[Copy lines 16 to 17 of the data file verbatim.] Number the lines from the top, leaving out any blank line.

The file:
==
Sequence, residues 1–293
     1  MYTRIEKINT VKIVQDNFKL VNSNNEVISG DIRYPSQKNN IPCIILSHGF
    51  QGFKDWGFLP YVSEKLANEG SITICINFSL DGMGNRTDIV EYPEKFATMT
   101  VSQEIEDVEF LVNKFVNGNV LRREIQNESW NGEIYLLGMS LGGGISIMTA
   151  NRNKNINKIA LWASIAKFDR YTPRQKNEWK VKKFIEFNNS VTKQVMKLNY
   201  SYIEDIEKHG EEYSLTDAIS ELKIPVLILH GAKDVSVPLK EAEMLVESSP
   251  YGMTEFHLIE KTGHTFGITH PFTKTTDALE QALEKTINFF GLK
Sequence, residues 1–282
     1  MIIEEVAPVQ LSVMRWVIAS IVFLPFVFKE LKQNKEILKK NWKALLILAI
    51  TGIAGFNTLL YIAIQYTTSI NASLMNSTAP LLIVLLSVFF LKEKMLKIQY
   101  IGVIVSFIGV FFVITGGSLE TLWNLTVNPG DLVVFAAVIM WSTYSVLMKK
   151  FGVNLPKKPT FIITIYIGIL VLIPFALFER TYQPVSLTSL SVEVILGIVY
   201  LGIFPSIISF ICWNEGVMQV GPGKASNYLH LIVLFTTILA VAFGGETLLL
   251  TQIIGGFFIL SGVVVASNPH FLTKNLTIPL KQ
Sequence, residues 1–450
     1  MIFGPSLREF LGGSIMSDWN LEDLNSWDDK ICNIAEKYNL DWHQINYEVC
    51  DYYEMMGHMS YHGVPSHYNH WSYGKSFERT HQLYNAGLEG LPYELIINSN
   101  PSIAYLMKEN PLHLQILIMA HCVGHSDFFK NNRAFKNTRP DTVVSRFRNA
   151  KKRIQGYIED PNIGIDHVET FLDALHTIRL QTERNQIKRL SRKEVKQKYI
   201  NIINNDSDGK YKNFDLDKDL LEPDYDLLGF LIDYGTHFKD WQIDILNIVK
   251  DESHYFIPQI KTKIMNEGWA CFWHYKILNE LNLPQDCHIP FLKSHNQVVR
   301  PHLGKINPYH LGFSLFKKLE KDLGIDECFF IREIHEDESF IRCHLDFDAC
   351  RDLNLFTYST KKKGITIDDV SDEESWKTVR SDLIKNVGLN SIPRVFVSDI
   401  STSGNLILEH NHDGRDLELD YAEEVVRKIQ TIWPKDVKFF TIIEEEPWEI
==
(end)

     1  MIFGPSLREF LGGSIMSDWN LEDLNSWDDK ICNIAEKYNL DWHQINYEVC
    51  DYYEMMGHMS YHGVPSHYNH WSYGKSFERT HQLYNAGLEG LPYELIINSN